After washing all of your fabrics, iron and starch them.
This is how much fraying and threads that happened when we washed these homespuns, we lost just under 3/4in on this green fabric and the others lost about the same but none more than an inch. This is why I urge you to consider buying extra fabric to save you the grief and hassle of going back and buying more fabric.
Fold your fabrics in half with wrong sides together, selvedges aligned. You may need to allow the fabric to dictate to you where the fold is, which may pull the selvedges out of line but they will be cut off so don’t worry too much. Your selvedges will not match up – in the photo below you can see the teal fabric selvedges are way off – this is due to two things, washing and grain line. When we washed our fabrics they have shrunk, we removed the sizing that was keeping them nice for the shelves in the shop and the grain line has been ‘relaxed’. By adjusting the position of the selvedge when folding your fabric in half for cutting you will get a much better and more natural grain line and it will be straighter.
Trim off the frayed edge to straighten up the fabric. If you are left-handed you can continue cutting as the fabric is laid out in the right position for you. Right-handers turn the fabric’s newly straight edge to the left-hand side of your board and then continue cutting.
From your five fabrics (50cm pieces of homespun in the materials list) cut three 2 1/2in strips.
Note: the remaining fabric will be used to piece the backing for Mum’s quilt, you can choose to do the same if you wish.
Set up your sewing machine with the neutral thread for piecing, the 1/4in foot and a straight stitch that is the average for your machine – check your manual for tips on this. My Janome likes a stitch width of 5.5 and a length of 2.
Piece the strips together in the sequence of your choice. This is the sequence we have chosen for mum. There is reason behind it, it’s not just random. If you paint put your mind into that way of thinking, but I will explain.
1. Green is on this end because it has a yellow base colour and is essentially the odd one out in this range of colours.
2. Teal is next because it is made up of blue and green so it can sit nicely next to green to help tie it into the block.
3. The blue is in the middle as it is the darkest fabric and will draw the eye in, but it is also there because it is blue – the teal has blue in it so they can sit next to each other, and the blue also is used in making the colour for the next strip so it is tying the two sides of this block together.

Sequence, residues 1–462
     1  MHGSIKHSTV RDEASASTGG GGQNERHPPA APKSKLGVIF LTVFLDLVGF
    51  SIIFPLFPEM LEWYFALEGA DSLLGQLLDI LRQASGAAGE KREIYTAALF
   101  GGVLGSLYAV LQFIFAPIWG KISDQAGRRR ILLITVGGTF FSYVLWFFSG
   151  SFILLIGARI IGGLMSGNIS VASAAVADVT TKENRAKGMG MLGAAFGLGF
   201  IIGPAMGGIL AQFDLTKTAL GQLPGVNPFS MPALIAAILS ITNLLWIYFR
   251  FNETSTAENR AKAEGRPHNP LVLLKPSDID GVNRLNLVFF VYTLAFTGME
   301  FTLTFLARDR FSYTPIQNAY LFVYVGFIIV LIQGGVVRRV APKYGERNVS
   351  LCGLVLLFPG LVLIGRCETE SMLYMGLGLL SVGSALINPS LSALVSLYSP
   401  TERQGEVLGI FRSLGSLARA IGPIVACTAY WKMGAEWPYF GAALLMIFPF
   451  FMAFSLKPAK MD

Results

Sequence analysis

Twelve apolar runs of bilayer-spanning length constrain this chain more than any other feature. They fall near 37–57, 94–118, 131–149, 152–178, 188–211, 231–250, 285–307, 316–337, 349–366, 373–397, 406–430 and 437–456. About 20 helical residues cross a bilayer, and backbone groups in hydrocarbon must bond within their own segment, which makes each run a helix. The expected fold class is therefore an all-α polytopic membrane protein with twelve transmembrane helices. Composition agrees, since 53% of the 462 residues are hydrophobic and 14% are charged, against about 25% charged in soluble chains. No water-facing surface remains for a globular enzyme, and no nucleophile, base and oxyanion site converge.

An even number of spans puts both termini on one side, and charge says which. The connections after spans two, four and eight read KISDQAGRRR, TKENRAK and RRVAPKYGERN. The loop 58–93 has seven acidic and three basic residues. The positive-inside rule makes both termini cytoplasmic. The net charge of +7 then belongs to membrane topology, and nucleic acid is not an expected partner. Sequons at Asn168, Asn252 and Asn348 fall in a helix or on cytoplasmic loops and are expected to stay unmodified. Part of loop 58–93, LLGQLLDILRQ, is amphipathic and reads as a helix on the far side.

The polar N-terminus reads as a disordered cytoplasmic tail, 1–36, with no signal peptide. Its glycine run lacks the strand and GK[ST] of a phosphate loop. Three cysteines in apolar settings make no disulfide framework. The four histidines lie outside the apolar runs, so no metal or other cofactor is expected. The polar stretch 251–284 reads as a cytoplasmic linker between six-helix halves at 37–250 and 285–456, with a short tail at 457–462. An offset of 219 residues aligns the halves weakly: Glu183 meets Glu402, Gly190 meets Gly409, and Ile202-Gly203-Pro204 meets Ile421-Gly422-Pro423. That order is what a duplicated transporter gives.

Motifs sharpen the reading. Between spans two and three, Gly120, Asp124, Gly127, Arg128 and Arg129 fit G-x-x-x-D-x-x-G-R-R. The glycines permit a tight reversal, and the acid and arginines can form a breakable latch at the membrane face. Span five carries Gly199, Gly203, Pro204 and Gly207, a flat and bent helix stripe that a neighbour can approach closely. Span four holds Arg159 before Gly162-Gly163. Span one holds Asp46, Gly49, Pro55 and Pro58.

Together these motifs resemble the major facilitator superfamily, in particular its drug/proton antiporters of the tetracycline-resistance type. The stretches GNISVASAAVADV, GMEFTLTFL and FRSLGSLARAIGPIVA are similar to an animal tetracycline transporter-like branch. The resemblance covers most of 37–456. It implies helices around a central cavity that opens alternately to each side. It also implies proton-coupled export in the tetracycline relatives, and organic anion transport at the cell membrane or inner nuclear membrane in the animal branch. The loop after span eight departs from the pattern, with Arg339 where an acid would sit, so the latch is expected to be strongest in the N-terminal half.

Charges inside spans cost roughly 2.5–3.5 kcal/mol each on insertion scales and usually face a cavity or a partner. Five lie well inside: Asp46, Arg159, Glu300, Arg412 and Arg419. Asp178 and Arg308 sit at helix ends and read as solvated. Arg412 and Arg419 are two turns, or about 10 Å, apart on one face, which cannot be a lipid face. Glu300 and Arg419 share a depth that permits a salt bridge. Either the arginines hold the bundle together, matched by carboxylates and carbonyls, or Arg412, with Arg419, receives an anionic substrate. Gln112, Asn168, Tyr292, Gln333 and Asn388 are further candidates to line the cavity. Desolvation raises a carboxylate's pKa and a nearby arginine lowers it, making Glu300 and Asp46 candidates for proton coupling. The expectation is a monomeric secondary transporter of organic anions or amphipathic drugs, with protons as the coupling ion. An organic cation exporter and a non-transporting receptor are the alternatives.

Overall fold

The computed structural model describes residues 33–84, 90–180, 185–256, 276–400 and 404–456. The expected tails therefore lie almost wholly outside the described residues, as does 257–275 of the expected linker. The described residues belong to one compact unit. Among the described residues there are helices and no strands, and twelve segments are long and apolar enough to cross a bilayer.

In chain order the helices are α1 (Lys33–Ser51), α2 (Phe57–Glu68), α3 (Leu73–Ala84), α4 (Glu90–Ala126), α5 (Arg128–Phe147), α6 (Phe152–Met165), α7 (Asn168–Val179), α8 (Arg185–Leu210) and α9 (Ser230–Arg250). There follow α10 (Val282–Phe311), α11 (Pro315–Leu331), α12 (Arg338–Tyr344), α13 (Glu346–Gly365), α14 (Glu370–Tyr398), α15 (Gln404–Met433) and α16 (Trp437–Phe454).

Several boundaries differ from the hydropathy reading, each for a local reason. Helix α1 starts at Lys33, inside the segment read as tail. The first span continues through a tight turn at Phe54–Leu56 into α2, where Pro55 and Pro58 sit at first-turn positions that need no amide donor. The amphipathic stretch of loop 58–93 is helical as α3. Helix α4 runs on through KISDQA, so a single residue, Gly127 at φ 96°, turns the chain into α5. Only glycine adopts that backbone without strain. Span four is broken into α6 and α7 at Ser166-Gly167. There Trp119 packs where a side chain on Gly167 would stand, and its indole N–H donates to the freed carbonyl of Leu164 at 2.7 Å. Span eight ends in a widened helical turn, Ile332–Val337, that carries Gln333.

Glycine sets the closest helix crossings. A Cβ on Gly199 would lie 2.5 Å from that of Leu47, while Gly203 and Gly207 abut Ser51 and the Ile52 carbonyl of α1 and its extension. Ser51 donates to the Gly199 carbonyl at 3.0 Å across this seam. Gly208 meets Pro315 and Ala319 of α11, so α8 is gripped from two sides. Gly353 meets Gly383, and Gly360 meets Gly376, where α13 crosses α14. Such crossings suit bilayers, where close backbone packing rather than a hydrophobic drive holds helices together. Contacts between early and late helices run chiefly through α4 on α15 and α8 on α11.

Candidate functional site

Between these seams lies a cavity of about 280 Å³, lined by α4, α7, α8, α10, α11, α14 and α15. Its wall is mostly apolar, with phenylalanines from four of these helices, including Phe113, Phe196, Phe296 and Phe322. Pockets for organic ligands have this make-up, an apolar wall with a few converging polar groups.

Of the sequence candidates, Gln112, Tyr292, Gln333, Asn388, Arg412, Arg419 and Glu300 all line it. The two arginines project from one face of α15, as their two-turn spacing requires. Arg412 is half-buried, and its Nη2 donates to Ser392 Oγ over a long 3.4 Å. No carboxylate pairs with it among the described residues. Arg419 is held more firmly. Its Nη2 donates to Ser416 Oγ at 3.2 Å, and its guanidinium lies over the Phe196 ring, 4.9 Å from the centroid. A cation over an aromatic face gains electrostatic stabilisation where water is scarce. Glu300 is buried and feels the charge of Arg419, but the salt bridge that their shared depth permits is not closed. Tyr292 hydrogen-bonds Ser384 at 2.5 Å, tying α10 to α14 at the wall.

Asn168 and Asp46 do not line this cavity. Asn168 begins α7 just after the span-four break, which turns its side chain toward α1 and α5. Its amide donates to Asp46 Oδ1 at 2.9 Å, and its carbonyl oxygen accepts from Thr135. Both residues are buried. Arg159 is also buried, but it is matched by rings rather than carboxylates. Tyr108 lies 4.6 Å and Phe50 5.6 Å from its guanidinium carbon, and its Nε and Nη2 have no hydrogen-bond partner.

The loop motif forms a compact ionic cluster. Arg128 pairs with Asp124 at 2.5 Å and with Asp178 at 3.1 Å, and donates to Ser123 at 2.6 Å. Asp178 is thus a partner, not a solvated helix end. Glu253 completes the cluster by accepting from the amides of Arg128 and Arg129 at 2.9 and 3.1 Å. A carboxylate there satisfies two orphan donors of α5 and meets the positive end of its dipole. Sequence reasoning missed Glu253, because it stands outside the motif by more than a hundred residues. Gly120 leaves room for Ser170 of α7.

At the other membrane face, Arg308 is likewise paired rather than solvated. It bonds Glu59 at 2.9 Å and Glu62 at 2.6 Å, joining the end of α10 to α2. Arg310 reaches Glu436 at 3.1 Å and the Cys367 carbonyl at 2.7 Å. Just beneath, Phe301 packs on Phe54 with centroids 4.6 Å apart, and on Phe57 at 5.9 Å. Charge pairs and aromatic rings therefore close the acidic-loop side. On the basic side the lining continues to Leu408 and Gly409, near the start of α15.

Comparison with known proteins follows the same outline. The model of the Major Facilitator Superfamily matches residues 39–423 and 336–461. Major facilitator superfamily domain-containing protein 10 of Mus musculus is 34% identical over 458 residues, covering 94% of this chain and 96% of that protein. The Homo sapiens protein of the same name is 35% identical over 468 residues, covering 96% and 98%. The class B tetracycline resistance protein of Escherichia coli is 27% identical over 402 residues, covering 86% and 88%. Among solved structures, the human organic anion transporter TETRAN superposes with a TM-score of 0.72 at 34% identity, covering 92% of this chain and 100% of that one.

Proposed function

4. Purple has a red base (mix red and blue together to make purple) and so this is why it’s next to the blue.
5. Brown is often classed as a red based colour so it belongs next to the purple for this reason. It is also technically an odd one out so it is also balancing the green’s oddness on the other side.
Start with the green strip and place it on top of the teal strip. Pin if you feel you need to hold the strips together.
Note: I like to sew my strips together so that as they are being joined so that they are off to the left side of the machine – this keeps them out of the way and doesn’t clutter up the throat of the machine. I am right-handed, as is mum. Left-handers may like to try both ways and see what suits you better. Like all my other notes these are just suggestions of things that I find easier and have discovered over many years of quilting, it’s not gospel and you don’t have to treat it as such. Find what is comfortable for you and your machine.
Continuing adding your strips, keeping them in order and making sure that you are sewing so that the seams are all on the same side. Always start from the same edge.
Once you have joined the 5 strips, press the seams in one direction.
You may notice that the strips are not all the same length.
This is fairly common and is a manufacturing issue and a washing issue. It’s not something that can be fixed. But if you always start from the same edge when joining strips you will reduce the waste of fabric.
Trim the selvedges off the edge that you started piecing on.
Then cut your pieced unit into four 10 1/2in blocks.
Repeat for your other sets of strips and you have made all of your blocks.
In the next blog post we will be cutting the focal piece, adding a small border, assembling the quilt top and preparing for quilting.